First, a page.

For a small island State such as Seychelles, where tourism is the pillar of its economy and any challenge becomes a tourism industry problem, heroin abuse may pose a threat to its tourism industry.
It is with this in mind that the Saint Ange Tourism Report requested a meeting with Dr Patrick Herminie, the Special Secretariat looking at drug addiction in Seychelles, to help the local tourism industry to better appreciate the situation on hand and to ascertain what is being done.
Dr Patrick Herminie admitted that despite the many great strides being taken in the tourism sector, heroin addiction is a new threat that has emerged, which may well dent tourism development in Seychelles. Today, the country is faced with an unprecedented epidemic of heroin abuse. It is estimated that 4 to 5 thousand youths are addicted to the drug. This is probably one of the highest use of heroin per capita in the world given our small population of 90 thousand.
Faced with this stark reality, the Government has entrusted Dr Patrick Herminie with the daunting task of masterminding and coordinating a comprehensive, multi-disciplinary and multi-sectoral program with a view to effectively contain the epidemic. Drug addiction is now considered to be a chronic disease, which must be effectively treated.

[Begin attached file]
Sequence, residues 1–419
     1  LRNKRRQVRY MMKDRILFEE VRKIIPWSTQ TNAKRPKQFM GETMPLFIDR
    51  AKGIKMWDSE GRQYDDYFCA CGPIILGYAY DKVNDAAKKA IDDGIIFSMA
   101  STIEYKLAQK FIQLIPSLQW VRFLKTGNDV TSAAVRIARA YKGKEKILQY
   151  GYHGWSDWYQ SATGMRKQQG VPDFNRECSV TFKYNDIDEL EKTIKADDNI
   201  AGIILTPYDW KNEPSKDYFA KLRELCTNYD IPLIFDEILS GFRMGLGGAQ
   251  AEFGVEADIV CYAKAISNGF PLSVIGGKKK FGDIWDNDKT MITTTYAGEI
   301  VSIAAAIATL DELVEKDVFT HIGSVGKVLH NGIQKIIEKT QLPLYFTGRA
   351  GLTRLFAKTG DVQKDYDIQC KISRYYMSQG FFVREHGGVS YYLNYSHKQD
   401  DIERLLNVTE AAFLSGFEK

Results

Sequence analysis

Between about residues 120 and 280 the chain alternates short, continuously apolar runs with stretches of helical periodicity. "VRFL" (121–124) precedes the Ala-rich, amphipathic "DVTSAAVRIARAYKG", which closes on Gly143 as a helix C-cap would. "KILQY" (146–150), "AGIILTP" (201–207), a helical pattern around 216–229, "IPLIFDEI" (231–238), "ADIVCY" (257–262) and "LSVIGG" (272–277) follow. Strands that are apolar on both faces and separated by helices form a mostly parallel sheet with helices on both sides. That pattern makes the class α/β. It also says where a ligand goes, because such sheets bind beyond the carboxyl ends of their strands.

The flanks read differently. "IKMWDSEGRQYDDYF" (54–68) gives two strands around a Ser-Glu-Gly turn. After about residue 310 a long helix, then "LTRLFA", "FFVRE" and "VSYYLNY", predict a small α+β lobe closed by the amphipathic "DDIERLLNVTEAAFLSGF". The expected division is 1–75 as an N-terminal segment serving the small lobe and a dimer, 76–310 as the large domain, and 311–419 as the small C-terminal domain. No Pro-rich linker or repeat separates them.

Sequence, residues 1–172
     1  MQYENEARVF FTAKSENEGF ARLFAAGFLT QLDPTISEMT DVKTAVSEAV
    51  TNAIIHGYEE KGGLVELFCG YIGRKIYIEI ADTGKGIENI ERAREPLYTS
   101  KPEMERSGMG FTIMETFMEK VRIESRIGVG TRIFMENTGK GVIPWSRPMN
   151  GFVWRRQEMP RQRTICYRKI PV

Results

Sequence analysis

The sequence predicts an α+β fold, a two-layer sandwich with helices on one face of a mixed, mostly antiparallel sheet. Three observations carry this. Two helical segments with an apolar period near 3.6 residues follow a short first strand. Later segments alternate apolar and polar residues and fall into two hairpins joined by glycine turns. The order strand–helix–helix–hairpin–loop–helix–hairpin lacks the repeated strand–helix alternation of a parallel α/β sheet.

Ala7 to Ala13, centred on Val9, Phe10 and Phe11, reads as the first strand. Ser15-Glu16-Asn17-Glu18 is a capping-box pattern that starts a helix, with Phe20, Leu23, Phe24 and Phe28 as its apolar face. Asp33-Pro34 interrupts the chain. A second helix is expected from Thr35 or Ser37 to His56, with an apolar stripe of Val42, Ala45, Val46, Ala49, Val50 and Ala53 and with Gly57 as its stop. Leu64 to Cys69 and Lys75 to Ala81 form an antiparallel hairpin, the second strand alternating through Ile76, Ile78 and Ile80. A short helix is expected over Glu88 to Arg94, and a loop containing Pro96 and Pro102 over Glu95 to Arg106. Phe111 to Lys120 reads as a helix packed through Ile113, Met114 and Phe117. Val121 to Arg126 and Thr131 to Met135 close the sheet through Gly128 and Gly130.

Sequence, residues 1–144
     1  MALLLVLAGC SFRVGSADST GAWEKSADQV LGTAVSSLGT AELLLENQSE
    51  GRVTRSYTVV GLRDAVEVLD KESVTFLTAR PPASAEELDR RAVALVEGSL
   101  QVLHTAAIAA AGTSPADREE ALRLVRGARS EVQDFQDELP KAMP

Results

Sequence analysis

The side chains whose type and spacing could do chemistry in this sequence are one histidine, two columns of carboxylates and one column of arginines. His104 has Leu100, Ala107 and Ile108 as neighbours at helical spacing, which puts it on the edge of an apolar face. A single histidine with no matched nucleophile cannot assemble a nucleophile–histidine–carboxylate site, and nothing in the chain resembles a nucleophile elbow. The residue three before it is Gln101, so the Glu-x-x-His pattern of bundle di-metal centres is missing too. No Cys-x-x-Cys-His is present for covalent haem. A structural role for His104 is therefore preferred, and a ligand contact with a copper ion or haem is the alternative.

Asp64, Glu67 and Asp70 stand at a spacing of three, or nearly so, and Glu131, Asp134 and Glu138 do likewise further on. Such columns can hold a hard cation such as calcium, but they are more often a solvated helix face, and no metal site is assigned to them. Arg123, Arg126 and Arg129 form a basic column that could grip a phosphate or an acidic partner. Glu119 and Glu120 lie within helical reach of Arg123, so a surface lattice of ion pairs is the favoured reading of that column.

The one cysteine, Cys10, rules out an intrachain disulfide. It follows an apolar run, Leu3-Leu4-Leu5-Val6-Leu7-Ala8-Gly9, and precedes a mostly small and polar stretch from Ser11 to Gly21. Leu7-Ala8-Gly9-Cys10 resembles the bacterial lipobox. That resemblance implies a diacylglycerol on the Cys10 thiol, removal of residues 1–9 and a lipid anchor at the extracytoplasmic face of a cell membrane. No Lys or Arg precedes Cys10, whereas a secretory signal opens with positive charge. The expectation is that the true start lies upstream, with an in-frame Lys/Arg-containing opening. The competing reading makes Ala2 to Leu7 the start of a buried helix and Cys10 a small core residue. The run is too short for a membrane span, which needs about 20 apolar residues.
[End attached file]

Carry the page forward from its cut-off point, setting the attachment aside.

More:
Dr Herminie is adamant that unless more is invested in treatment and rehabilitation, the war on drugs will miserably fail and Seychelles will become a “dope fiend’s paradise”. Although our national drug strategy has always been comprised of supply reduction and demand reduction, for the first time this year, a significant portion of funds allotted to drug control (SRC50 million) was dedicated to treatment and rehabilitation.
Faced with stiff resistance from Parliament, the Dr, Herminie articulated his case and managed to convince all members to invest in new resources, both human and physical, including a brand new and modern rehabilitation centre at Cap Ternay, with the aim of reducing the reliance on heroin.
Tourists and locals alike are frequently robbed by drug addicts looking for their next “fix”, or by young individuals looking to make a quick buck instead of making an honest living. Following the inception of an Agency for the Prevention of Drug Abuse and Rehabilitation in August 2017, Dr Herminie feels that crime rates will continue to decline as the demand for heroin is lessened. This is promising news for Seychelles and for its fragile tourism industry.
The above story has been published with acknowledgement to the Saint Ange Tourism Report 30th edition dated 31 December 2017.
Read more on this topic: Drug Tourism versus War On Drugs